Danilo Brito, mandolin
- $30 Assigned Rows 1-2
- $20 Assigned Rows 3-5
- $15 General Admission
- $5 Student
- Danilo Brito, mandolin
Awarded Brazil's highest prize for instrumental music, recognized as keeper and modern interpreter of its choromusic tradition, and adored by American masters David Grisman and Mike Marshall, mandolinist Danilo Britobrings forth virtuosity and bell-like tone in the service of deeply evocative music.
“... a mandolinist who causes chills in those who watch him. People of the old guard say that he can only be the reincarnation of the incomparable Jacob do Bandolim ...” - Júlio Maria, Jornal da Tarde (São Paulo, Brazil)
“After-show comments seemed unanimous — newborn fans of Brito's music wished there had been a second show scheduled so they could share their delightful discovery with friends. No higher praise than that. Stunning.” - Jon Santiago, Charleston City Paper (SC)
"Danilo Brito uses the mandolin strings as an extension of his soul. This can be seen by how naturally he plays with complete command of the instrument, always showing a unique intimacy with the music. Despite his youth, Brito has impressive musical knowledge. His major accomplishment is to touch the souls of his audience and to make them 'listen' to the music. Any description or compliment about his virtuosity would be just too pale." - Boris Casoy, Jornal da Record (Brazil)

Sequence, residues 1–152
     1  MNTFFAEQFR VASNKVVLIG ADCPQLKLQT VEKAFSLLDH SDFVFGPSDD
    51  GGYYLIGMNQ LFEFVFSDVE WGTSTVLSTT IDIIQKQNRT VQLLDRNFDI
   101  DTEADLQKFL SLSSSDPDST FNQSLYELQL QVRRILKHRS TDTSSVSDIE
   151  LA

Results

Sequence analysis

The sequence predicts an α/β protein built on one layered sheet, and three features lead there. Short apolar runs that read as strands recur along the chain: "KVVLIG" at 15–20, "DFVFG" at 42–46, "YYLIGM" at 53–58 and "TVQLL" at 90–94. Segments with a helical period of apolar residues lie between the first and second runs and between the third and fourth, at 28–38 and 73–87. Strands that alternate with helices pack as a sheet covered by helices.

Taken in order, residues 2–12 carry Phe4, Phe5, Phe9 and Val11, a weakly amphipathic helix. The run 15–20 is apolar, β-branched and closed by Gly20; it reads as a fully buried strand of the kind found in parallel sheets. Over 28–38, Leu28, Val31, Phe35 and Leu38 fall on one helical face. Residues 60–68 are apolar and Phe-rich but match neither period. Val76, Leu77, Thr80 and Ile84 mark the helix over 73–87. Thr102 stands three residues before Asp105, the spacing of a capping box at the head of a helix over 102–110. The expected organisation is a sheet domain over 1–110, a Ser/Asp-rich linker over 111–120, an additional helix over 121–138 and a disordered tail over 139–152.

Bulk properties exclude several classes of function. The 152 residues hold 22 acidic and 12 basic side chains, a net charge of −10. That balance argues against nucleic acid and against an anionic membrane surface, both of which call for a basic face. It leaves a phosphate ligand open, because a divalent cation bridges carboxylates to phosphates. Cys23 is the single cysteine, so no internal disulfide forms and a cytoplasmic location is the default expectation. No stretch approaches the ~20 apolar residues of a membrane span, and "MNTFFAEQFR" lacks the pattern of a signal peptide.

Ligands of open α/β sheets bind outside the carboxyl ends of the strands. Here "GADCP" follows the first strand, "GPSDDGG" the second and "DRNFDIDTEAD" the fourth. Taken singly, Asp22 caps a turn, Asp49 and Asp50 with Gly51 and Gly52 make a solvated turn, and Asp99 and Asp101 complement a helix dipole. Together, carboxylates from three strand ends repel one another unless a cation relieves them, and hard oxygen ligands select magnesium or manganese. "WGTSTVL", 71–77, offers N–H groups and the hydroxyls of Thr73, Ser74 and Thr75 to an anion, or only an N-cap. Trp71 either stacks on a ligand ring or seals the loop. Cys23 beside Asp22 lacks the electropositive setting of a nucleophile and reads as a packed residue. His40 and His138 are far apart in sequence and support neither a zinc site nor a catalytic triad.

"The guy is a master." - David Grisman, American Mandolinist
Danilo Brito is important to the world of music both for his extraordinary musicianship, and for the unique musical and cultural tradition he promulgates through his work – the choro music of Brazil. His is the quintessential story of a child prodigy, born with talent and interest in music far beyond his years, coupled with the good fortune to have a family steeped in Brazil's musical traditions. At the age of ten he began to visit music shops that hosted Rodas de Choro, informal gatherings of musicians who meet to play choro. Old enough to be his grandfathers, the musicians bestowed a particularly special compliment upon him, saying that he was the reincarnation of Jacob do Bandolim, one of the most important figures in choro history. Six years later, Danilo would go on to win the most prestigious award competition for Brazilian music, the Prêmio Visa de Música Popular Brasileira.
For his current ensemble, he has chosen traditional choro instrumentation – 7-string guitar, guitar, cavaquinho, and percussion – and a group of musicians whose talent and devotion has produced an ensemble operating at the highest level of performance within the genre. Their work was recorded on the 2014 album, Danilo Brito.
Choro is considered the first characteristically Brazilian genre of urban popular music. The literal translation of the word is “to cry,” but its use in naming this music is figurative and points to its emotive power. More often bright than blue, the music is marked by syncopation, counterpoint, improvisation and virtuosity.